Much of the discussion of retirement revolves around how much money you need to save for a successful retirement.
That number, of course, is different for everyone for a variety of reasons. One of the overriding factors is the cost of living where you happen to live. In some areas, $50,000 a year would mean barely getting by. In others, it could be a comfortable income.
In recent years retirees have considered more than climate when thinking about relocating. To stretch dollars, they have also looked at housing costs, taxes, and the ease of getting around.
Bankrate.com reports smaller cities and suburbs rank highest among retirees as places where they retire. In its latest rankings, it picks Arlington, Va., a Washington, DC suburb as number one, followed by Franklin, Tenn., a Nashville suburb, and West Des Moines, Iowa.
But Arlington is one of the more costly housing markets in the country, suggesting that unless you already live there, it would cost a lot to relocate there.
In fact, relative housing costs are a major consideration of whether retirees decide to move, and if so, where. Someone retiring from a major metropolitan area might sell a home and walk away with several hundred thousand dollars in cash. By moving to a low-cost housing market, he or she could purchase a comfortable home with half the cash and bank the rest.
The south and Midwest probably offer some of the most affordable housing for someone seeking to relocate in retirement. Here are five you might consider:
Fishers, Ind., is a suburb of Indianapolis. According to Zillow, the median home price in Fishers is $207,000.
Fishers' proximity to Indianapolis, the state capital, provides plenty of entertainment, education, and cultural amenities. The downside, of course, are those chilly Hoosier winters.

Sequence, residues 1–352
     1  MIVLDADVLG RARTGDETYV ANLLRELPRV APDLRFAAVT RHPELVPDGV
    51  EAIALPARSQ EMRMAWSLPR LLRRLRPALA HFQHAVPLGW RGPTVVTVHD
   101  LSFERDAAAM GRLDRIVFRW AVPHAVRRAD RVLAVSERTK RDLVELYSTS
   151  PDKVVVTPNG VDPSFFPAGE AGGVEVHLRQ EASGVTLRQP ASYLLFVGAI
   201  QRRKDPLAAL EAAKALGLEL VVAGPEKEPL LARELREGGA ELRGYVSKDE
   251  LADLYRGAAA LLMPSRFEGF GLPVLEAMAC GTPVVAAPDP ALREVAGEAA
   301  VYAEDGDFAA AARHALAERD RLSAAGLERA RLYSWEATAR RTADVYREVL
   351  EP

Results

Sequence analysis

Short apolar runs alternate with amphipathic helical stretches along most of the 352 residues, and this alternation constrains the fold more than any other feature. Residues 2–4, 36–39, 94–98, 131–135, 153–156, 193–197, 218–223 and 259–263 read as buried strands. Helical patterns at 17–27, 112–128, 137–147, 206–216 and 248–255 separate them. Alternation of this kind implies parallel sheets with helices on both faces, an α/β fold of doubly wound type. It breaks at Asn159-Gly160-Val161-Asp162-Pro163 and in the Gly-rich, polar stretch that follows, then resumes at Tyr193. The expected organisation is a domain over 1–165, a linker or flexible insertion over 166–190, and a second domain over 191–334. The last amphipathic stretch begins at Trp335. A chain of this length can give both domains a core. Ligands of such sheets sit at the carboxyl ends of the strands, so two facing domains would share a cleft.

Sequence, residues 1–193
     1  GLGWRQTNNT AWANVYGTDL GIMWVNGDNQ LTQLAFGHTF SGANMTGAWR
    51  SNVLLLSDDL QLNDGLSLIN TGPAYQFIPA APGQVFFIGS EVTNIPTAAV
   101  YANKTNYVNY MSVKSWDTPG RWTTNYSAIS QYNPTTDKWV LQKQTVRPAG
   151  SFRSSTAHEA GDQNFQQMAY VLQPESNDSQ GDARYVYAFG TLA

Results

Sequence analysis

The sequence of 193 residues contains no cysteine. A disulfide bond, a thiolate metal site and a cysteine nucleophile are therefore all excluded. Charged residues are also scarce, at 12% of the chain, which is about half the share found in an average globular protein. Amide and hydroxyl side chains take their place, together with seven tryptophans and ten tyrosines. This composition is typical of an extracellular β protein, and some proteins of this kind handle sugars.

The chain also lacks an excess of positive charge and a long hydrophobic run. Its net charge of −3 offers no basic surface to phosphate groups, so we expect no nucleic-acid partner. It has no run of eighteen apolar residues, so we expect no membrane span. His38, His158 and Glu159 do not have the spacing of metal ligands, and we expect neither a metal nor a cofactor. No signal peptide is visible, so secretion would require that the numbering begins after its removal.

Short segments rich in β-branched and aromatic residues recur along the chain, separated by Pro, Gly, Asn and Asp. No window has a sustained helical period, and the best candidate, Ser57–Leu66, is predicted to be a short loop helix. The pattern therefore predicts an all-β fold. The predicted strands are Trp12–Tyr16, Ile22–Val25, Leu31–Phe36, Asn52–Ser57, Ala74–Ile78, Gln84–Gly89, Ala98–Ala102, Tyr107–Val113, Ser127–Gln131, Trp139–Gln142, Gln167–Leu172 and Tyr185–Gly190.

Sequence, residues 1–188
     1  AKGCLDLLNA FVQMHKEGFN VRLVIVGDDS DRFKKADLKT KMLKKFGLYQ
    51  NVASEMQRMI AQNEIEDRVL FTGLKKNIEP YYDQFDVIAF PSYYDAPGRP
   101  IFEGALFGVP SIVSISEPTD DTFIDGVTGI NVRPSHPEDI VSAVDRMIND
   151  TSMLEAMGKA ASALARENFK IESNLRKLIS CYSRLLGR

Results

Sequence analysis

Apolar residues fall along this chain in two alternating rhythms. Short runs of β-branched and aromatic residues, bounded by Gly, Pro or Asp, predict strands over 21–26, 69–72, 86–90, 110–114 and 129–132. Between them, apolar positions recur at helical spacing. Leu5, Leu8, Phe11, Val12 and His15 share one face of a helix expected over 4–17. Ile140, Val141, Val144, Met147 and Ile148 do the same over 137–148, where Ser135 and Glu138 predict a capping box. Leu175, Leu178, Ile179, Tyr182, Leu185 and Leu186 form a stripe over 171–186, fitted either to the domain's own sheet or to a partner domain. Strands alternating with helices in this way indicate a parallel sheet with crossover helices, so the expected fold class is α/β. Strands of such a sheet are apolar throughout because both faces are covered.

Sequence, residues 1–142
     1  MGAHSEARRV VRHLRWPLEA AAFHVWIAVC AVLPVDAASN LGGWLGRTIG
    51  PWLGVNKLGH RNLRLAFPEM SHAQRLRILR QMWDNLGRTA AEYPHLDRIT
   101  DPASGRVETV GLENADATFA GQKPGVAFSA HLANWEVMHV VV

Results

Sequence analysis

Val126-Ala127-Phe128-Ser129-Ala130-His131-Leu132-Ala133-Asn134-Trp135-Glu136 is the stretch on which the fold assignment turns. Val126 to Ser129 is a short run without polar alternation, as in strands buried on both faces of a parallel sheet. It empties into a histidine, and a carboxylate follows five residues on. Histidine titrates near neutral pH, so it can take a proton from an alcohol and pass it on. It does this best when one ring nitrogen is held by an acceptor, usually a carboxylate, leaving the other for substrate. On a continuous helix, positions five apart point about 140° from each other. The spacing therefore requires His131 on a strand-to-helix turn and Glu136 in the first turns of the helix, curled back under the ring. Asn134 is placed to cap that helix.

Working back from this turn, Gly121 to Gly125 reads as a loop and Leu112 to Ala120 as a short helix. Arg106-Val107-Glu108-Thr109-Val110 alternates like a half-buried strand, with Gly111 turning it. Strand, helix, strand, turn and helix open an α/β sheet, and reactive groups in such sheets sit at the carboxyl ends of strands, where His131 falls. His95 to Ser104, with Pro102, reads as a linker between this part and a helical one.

Tuscaloosa, Ala., is a college town, home to the University of Alabama. A charming, tranquil city, Tuscaloosa housing prices are very affordable.
According to Zillow, the median home value in Tuscaloosa is $142,900. Interestingly, Zillow reports the median price has declined 1.6% in the last year but is projected to rise nearly 4% in the coming year.
Cumberland, Md., is one of the cheapest housing markets in the country. According to Trulia, the median home value in Cumberland is just $65,000.
Located in the western part of Maryland, Cumberland is a small city in a picturesque spot and about three hours away from both Pittsburgh and Washington, DC.
Las Vegas, Nev.
Las Vegas was one of the hardest hit housing markets after the real estate meltdown. As a result, homes there lost much of their value.
According to Zillow, the median home price in Las Vegas is $196,000, making it affordable for someone retiring from an expensive housing market. Las Vegas, of course, offers a desert climate and doesn't lack for entertainment.
Pensacola lies in the Florida Panhandle and is often overlooked by retirees who head farther south. It offers white sandy beaches on the Gulf of Mexico and has a metro population of less than half a million.
According to Zillow, the median home value in the Pensacola metro is $119,600. Because it's a tourist destination, there are always plenty of activities and amenities.